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dan815
 one year ago
Modified P.E question:
Working from lefttoright if no digit is exceeded and not equal by the digit to its left it is called an increasing number; for example, 134568.
Similarly if no digit is exceeded and not equal by the digit to its right it is called a decreasing number; for example, 65420.
We shall call a positive integer that is neither increasing nor decreasing a "bouncy" number; for example, 155349.
What is the total number of non bouncy numbers?
Here is a similar question with more details :
https://projecteuler.net/problem=112
dan815
 one year ago
Modified P.E question: Working from lefttoright if no digit is exceeded and not equal by the digit to its left it is called an increasing number; for example, 134568. Similarly if no digit is exceeded and not equal by the digit to its right it is called a decreasing number; for example, 65420. We shall call a positive integer that is neither increasing nor decreasing a "bouncy" number; for example, 155349. What is the total number of non bouncy numbers? Here is a similar question with more details : https://projecteuler.net/problem=112

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ganeshie8
 one year ago
Best ResponseYou've already chosen the best response.0By your modified definition, is the first bouncy number 11 ?

ganeshie8
 one year ago
Best ResponseYou've already chosen the best response.0nope, i think the question is number system sensitive

dan815
 one year ago
Best ResponseYou've already chosen the best response.3hey look at this pattern for the number of none bouncy numbers from 10 digit to 1 digit it follows this patternn

dan815
 one year ago
Best ResponseYou've already chosen the best response.3for 10 digit solving the equation a1+a2+a3+....+a9=k , where k E { 9} where a_n >= 1 for 9 digit solving the equation a1+a2+a3+....+a8=k , where k E {9,8,8} for 8 digit solving the equation a1+a2+a3+....+a7=k , where k E {9,8,8,7,7,7} . . .

dan815
 one year ago
Best ResponseYou've already chosen the best response.3and then we got this general formula a1+a2+....+an = k a_m >=1 number of solutions to this must result from 1+1+...+(1+kn)=k #of Solutions=kn+n1 choose n1 =k1 choose n1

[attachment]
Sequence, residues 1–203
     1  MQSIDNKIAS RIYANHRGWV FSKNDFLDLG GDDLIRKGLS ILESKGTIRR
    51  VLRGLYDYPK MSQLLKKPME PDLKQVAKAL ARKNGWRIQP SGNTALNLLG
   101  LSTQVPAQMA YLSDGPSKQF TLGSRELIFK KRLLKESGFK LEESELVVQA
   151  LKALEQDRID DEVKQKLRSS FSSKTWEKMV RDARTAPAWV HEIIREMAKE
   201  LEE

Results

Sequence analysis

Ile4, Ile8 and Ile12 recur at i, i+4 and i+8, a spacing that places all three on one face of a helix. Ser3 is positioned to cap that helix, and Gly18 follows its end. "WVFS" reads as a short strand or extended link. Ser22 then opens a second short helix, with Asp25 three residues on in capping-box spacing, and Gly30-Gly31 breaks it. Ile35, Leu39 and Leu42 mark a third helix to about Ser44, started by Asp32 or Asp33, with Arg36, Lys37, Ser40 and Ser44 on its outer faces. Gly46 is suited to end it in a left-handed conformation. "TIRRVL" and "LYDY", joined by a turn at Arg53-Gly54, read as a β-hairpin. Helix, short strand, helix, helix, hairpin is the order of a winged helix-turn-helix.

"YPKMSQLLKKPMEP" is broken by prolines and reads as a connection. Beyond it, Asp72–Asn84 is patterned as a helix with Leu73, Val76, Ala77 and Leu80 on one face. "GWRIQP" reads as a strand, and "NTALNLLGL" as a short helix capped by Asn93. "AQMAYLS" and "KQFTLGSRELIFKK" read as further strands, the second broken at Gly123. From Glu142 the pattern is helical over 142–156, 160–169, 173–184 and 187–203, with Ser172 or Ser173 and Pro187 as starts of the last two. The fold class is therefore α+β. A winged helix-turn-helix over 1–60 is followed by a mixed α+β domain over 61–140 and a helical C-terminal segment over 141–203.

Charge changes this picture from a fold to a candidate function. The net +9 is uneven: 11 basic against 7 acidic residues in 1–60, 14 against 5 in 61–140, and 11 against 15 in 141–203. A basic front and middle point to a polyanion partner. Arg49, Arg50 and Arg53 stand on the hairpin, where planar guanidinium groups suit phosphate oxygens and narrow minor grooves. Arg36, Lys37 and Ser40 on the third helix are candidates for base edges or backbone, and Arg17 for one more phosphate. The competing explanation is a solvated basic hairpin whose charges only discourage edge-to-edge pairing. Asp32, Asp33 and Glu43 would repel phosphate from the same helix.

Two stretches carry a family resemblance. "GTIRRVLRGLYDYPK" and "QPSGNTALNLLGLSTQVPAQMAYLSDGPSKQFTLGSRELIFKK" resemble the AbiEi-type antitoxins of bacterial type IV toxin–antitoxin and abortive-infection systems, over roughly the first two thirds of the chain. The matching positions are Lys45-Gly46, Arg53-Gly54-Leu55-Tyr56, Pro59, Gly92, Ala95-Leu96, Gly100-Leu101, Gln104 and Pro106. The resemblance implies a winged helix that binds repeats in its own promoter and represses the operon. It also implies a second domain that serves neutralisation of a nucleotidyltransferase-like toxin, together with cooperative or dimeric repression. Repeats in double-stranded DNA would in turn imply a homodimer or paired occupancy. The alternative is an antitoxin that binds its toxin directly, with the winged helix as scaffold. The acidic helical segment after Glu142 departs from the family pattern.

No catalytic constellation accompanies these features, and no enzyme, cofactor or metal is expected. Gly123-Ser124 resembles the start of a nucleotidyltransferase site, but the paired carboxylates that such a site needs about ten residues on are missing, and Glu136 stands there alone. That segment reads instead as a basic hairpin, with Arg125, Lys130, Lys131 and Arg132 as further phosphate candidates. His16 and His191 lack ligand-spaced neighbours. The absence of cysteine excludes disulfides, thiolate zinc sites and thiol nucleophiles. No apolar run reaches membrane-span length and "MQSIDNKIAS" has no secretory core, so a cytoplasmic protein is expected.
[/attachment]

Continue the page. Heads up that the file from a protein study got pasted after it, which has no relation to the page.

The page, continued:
ikram002p
 one year ago
Best ResponseYou've already chosen the best response.0lavosh Danial will see in morning .

dan815
 one year ago
Best ResponseYou've already chosen the best response.3oh actually it might not be too much work from here to see how many non repeating numbers are there to cover the actual peuler question

dan815
 one year ago
Best ResponseYou've already chosen the best response.3\[\sum_{b=9}^{10} \sum_{m=1}^{b} (10m)\sum_{k=1}^{m1} \binom{m1}{k}\]

dan815
 one year ago
Best ResponseYou've already chosen the best response.3I am gonna say that for any base 'B' it would be \[\sum_{b=B1}^{B} \sum_{m=1}^{b} (Bm)\sum_{k=1}^{m1} \binom{m1}{k}\]

dan815
 one year ago
Best ResponseYou've already chosen the best response.3oh i found the inner one on wiki hehe theres a nice form to it, i think ive worked on the proof for this one too xD

xapproachesinfinity
 one year ago
Best ResponseYou've already chosen the best response.0the length of number does not matter?

dan815
 one year ago
Best ResponseYou've already chosen the best response.3it does the number of non bouncy numbers gets lower and lower for higher digits

dan815
 one year ago
Best ResponseYou've already chosen the best response.3its kind of long but this is pretty much closed form \[\sum_{b=9}^{10} 10*(2^B1)(B1)*2^B 1 10B + B*(B+1)/2\]
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